Oklahoma contains some of the richest resources for both oil and gas production, making it an excellent area for professionals wanting to pursue a career in petroleum engineering and mineral rights. Petroleum engineers develop and design methods for using deposits in the ground to extract natural resources like oil and gas. Here’s what you need to know about getting your foot in the door with a potentially lucrative degree in petroleum engineering.
1. Degree Requirements
Successful students in petroleum engineering are detail-oriented with interest in math and science, as much of the coursework falls in these areas.
Petroleum engineering students take classes in all science fields, with a more detailed focus in areas like geology and chemistry. Course example areas include geophysics, thermodynamics, reservoir rock properties, general physics, and chemistry
To enter the field, a firm foundation in math is essential. Expect to take courses in advanced calculus, statistic, and differential equations, as well as any prerequisite math courses depending on your level of math skills entering the program.
4. Degree Specific
The majority of your coursework will involve engineering classes specific to what you’ll be doing in the field. Sample areas of learning include petroleum fluid properties, reservoir engineering, drilling engineering, petroleum geomechanics, engineering integrity, and well logging.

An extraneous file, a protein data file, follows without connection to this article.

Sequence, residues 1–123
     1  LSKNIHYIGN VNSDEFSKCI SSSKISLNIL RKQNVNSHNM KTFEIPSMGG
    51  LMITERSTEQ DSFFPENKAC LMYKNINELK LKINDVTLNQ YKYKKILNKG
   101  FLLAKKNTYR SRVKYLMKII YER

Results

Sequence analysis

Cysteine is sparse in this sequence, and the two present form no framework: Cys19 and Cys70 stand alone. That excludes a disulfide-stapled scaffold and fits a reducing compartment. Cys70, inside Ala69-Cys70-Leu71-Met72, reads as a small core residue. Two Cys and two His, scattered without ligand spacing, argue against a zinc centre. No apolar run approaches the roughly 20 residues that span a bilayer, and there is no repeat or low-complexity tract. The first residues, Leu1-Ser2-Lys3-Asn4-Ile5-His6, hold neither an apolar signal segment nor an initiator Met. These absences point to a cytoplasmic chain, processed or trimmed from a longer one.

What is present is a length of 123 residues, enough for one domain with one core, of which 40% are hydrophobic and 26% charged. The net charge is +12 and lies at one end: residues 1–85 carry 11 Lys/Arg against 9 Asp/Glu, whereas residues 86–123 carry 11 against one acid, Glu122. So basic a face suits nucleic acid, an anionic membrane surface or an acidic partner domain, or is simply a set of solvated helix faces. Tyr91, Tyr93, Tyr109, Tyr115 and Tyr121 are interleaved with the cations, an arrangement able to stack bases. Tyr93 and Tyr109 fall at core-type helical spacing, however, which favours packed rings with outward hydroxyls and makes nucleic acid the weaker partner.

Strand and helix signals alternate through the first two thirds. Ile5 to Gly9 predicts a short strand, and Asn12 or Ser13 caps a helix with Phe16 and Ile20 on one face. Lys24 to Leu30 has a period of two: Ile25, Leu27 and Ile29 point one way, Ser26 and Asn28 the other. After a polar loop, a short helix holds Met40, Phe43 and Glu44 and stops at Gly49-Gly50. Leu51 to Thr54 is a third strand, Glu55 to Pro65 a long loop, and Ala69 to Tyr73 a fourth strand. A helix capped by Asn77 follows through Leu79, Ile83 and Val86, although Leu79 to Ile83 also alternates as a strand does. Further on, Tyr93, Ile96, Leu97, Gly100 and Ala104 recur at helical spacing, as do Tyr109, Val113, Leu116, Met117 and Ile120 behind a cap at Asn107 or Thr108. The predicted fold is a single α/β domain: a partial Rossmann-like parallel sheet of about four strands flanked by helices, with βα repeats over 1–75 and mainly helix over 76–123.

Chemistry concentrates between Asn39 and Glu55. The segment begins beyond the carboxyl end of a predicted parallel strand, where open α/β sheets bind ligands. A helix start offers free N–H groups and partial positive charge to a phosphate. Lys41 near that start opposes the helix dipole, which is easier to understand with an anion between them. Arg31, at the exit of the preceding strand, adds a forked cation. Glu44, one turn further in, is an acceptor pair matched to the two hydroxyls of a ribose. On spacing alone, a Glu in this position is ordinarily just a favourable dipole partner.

5. Potential Job Titles
Petroleum engineers can work in various areas of oil operations. For example, reservoir engineers help determine how much gas or oil can be extracted from a specific well and what method is best for to get the most out. Drilling engineers design drilling operations that are safe and effective while having the smallest impact possible on the surrounding environment. Completion engineers determine the best method for ensuring that oil is easily able to flow up from undergrounds, such as with hydraulic fracturing or tubing control. Production engineers work with wells once they have been completed, ensuring that production stays safe and steady.
Holders of this degree can also find work as analysts. A petroleum engineering analyst examines drilling projects looking for ways to improve reservoir optimization and management both on current wells as well as future developments using collected data from operations.
For those who are good at interacting with people and negotiation, petroleum engineering degrees can lead to a career as a landman. Landmen work on the public side of the oil and gas industry, primarily negotiating with landowners for gas and oil drilling leases and mineral rights.
While higher education degrees can be helpful in furthering your career, the Bureau of Labor Statistics estimates a median income of about $61 an hour for petroleum engineers with only a bachelor’s degree, making it possible to earn a rewarding high income starting with just an undergraduate level education. Even better, online education is now an option, with accredited programs from schools like the University of North Dakota making this career path more accessible than ever before from anywhere in the United States.